Australia has thriving environment for surfing, tourism, and wildlife. It does not, however, have a vibrant startup ecosystem. The University of Melbourne in Australia is attempting to invigorate the local scene by forming its own accelerator program to support student-run startups.
The Melbourne Accelerator Program is modeled off Standford’s StartX student incubator, which nurtures aspiring entrepreneurs through “experiential education.” MAP also seeks to smooth the journey from idea to market and spur innovation. The first six-month program began in June and included four companies. Participants received $20,000 in funding, mentoring, and office space.
Post-graduation, two of these endeavors have successfully raised a combined $730,000, a substantial number for Australian seed stage startups. Venuemob is a venue recommendation website that matches people with venues to suit their needs. Similar to American-based Venuetastic, Evenues, and Cvent, Venuemob is built on a large database of locales that accommodate a range of budget, party size, and vibes. It raised $472,000 led by Optus, the Australian subsidiary of SingTel, a Singaporean telecom company with an active venture arm.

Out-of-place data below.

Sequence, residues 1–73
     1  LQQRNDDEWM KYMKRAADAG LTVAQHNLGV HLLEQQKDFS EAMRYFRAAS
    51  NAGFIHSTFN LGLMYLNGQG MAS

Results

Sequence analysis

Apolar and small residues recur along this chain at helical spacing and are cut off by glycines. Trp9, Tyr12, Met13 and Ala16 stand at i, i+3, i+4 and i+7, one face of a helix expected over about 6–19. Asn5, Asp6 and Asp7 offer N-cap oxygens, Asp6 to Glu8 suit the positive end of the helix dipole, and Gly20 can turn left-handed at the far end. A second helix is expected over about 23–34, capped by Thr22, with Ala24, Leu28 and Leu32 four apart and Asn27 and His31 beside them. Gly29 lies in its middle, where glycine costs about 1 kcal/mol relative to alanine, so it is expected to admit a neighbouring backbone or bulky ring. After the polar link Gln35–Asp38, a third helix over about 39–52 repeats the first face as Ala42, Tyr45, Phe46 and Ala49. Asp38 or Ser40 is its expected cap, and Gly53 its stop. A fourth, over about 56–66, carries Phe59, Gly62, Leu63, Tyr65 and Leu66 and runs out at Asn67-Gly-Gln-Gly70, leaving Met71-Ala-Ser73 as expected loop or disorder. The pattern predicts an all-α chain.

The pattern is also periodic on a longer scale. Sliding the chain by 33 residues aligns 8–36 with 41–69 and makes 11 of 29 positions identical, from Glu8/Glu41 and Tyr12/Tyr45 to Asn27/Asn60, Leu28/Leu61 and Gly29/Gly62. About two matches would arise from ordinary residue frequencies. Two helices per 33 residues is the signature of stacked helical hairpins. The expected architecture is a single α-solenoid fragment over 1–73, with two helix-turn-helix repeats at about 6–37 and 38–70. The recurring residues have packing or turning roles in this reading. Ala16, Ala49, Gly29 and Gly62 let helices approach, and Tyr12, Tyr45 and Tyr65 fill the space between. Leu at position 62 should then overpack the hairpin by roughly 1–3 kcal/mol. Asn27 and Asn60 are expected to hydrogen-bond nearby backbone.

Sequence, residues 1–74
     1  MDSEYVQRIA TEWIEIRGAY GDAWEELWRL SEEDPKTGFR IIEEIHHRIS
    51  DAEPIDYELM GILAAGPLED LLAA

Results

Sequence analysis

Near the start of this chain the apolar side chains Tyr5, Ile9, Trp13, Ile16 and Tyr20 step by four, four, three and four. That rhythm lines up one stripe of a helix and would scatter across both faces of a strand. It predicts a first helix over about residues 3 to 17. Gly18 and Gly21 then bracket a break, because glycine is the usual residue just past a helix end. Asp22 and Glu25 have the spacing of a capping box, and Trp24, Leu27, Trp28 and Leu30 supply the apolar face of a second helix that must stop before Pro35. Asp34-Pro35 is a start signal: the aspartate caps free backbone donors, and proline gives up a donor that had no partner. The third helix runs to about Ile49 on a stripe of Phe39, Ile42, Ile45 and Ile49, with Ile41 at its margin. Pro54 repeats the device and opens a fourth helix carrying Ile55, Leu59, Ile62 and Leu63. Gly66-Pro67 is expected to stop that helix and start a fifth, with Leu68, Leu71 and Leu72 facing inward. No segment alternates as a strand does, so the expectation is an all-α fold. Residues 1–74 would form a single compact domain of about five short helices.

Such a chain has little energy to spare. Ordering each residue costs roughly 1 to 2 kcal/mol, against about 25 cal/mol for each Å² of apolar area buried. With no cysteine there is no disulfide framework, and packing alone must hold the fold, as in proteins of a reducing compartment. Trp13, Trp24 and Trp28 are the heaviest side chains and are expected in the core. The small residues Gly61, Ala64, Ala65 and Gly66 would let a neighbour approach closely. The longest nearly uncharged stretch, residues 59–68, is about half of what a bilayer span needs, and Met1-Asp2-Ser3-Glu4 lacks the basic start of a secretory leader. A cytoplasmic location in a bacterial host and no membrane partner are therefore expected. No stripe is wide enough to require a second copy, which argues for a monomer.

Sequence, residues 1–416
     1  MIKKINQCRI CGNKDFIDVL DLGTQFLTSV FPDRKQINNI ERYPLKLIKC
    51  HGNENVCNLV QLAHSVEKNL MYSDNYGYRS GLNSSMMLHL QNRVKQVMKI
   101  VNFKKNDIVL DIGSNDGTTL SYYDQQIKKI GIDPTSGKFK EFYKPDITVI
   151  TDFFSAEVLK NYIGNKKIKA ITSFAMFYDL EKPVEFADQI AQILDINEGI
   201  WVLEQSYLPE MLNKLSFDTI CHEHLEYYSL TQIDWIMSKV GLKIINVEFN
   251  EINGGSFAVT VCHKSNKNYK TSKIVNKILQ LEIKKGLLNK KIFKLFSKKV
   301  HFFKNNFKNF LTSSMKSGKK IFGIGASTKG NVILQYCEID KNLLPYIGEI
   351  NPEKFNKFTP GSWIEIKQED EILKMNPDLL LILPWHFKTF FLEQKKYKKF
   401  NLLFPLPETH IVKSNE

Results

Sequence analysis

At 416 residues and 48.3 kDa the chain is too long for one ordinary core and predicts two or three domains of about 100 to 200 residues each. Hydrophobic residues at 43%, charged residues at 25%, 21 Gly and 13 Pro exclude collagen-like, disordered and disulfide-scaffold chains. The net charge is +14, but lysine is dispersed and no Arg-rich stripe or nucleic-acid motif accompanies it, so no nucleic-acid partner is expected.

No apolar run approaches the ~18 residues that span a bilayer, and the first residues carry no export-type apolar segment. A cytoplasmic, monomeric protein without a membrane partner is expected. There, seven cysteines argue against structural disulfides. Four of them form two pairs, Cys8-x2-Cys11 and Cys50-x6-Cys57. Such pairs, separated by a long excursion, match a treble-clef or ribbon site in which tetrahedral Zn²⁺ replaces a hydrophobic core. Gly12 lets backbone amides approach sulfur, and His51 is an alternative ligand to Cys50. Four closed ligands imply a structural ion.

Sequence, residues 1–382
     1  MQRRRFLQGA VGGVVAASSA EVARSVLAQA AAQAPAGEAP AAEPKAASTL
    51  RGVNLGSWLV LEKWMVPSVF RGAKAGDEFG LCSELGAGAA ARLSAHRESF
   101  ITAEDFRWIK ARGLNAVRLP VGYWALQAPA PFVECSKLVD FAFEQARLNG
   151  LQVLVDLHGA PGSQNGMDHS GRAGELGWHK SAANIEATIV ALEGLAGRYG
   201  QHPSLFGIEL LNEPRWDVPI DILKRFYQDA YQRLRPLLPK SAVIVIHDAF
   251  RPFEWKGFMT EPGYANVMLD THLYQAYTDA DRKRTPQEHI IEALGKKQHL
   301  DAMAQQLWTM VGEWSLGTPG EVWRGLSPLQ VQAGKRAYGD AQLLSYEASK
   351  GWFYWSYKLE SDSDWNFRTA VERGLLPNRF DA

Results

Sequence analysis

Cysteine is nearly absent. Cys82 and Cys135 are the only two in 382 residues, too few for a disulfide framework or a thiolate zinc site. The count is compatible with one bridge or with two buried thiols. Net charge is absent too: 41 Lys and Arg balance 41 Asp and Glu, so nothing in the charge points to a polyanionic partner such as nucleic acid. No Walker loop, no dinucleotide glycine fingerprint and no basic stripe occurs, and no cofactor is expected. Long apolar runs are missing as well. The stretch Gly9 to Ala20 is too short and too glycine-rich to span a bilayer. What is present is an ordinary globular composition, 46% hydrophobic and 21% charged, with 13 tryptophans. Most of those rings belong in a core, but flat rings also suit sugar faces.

SoundGecko raised $262,000 for its service that turns any website, blog, email, RSS feed, or PDF doc into an MP3 audio file. SingTel also invested in SoundGecko as well as the Melbourne-based VC fund Adventure Capital.
A few months ago, I sat down with Simon Walker, an entrepreneur from Melbourne. He told me about the challenges of getting a startup off the ground in Australia, namely the absence of early stage funding and a supportive community of entrepreneurs. To him, Silicon Valley seemed like the Promised Land, a place anyone with an idea and a little passion could build a successful company.
Stanford University is a significant contributor to the Silicon Valley startup scene, with strong programs in engineering, business, and entrepreneurship. It also has a vast alumni network that keeps the startup ecosystem flowing. Building up an entrepreneurial ecosystem not only requires bright entrepreneurs and technical talent, but also investors and mentors interested and willing to support it. Otherwise, anyone with the dream of building the next big tech company will leave the Land Down Under and build their legacy elsewhere.
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